Altitude training explained

Altitude training explained

For years, professional riders have used altitude training camps as a key part of their conditioning. And, with the correct guidance, there are also big benefits to be gained for amateur riders.


British Cycling qualified coach Anthony Batt runs altitude training camps in Tenerife and he explains the science behind them by looking at the whole process, from acclimatisation through to aftercare...

Altitude has the propensity to lower one's ability to train hard, limiting the amount of available oxygen. Therefore training at altitude has to be performed safely, in a controlled manner. 

So can you not ride hard? 

It's not a case of not being able to ride hard - instead think of it this way...

If your functional threshold power (FTP) at sea level is 300 watts, and this produces an average heart rate of 175 beats per minute, altitude will either do one of two things: 
1. Increase the heart rate for the same power.
2. Or your perceived effort could be considerably higher for normalised power and heart rate.  

It causes extra stress on the body, and that's combined with the climbing and heat that most cyclists are not adapted to back at home. So riding hard at your physiological cost of a higher heart rate continuously for prolonged periods is putting you at risk of injury, sickness or failure to complete the camp. 

What causes this to happen? 

Simply put the oxygen we breathe in is much less dense and therefore less available, so for the same breath frequency per minute, you will consume less oxygen. Coupled with the potential of heat exhaustion, and dehydration, it's imperative you are properly supported.

The body needs time to adjust, recover and get stronger. Altitude training can affect people in so many ways; some will not perform as well as they expect at threshold, others may experience altitude sickness. In our experience, this is because the camp's structure has not been run properly. 

tenerife descentSo why use altitude? 

Well, in essence, a few days is often enough to acclimatise if you have taken those days at a steady state pace, rather than trying to race up every rise. The benefits you can derive are an increased red blood cell count. 

No doubt you will have heard of EPO in news stories about performance-enhancing drugs, but the profound effect of training at altitude means your body's response to a lack of oxygen while training stimulates the kidneys to produce a more natural increase in blood plasma, volume, count and thus heart stroke.

This gives you the ability to pump more oxygenated blood to working muscles, meaning you can go harder for longer before fatiguing. It is the safest and natural way to increase performance for when you are back at sea level. 

How do you structure your weeks? 

Typically we allow the clients to adjust to the heat and subject them to about 1,500m-1,800m worth of elevation above sea level for the first few days by performing more endurance-type rides, rather than intensity-focussed ones.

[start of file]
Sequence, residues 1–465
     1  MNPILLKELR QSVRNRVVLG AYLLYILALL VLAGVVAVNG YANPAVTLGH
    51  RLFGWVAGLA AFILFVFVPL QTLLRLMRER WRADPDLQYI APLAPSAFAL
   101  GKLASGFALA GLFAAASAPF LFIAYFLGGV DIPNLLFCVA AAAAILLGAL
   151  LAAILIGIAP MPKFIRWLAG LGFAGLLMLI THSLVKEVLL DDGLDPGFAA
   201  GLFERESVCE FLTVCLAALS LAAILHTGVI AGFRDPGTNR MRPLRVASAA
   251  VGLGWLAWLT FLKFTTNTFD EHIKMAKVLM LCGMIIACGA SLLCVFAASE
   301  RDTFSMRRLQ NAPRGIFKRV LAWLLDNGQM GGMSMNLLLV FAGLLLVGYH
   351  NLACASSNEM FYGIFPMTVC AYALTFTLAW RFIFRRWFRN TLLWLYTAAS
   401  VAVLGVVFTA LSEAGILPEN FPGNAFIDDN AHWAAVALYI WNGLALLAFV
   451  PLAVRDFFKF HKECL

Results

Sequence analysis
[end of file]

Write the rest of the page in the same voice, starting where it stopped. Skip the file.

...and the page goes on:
We then have a mixture of some shorter days which are more intense, with specific training drills and coaching sessions. Towards the end of the week, you will combine the two to provide a potent and progressive load. We will give you a structure to the week that keeps you safe, having fun but above all getting fitter, rather than digging yourself into a large hole of fatigue. 

Lasting effects

You can expect up to 2-3 weeks increased performance from the body's response, once fully recovered. 

training dataWe can measure your physiology before the camp, and once recovered back home to show you the real tangible results in physical improvement. 

In an ideal season, you want a camp to kick-start your season and then one as either a base building or pre-competition phase. The maximum frequency for an amateur cyclist would be two camps per year. 

If you were a professional cyclist, you would spend 2-3 weeks at altitude, eating, sleeping, cycling! 

Where to go

We selected Tenerife because of its beautiful scenic and quiet roads, epic cycling terrain and the reliable weather. Most of our riding is in the south of the island which is protected by Mount Teide, sheltering the south from some of the more wet and cold weather of the north. 

The fact that the professional cyclists have been using the island since the 1980s and keeping it a training secret is no surprise! 
Click for altitude training camps in Tenerife

Aftercare

We feel it's very important to take the training you have learnt from either the seminars or on the bike sessions and continue those. We offer bespoke personalised coaching which will help you train towards your goals once you are home. So you are not forgotten about once you have left Tenerife! 

Being UK-based you can call, email or text for support and technical advice, and the best part is we have spent time riding with you and will already have an idea of ways to improve your physiology even further. 
 

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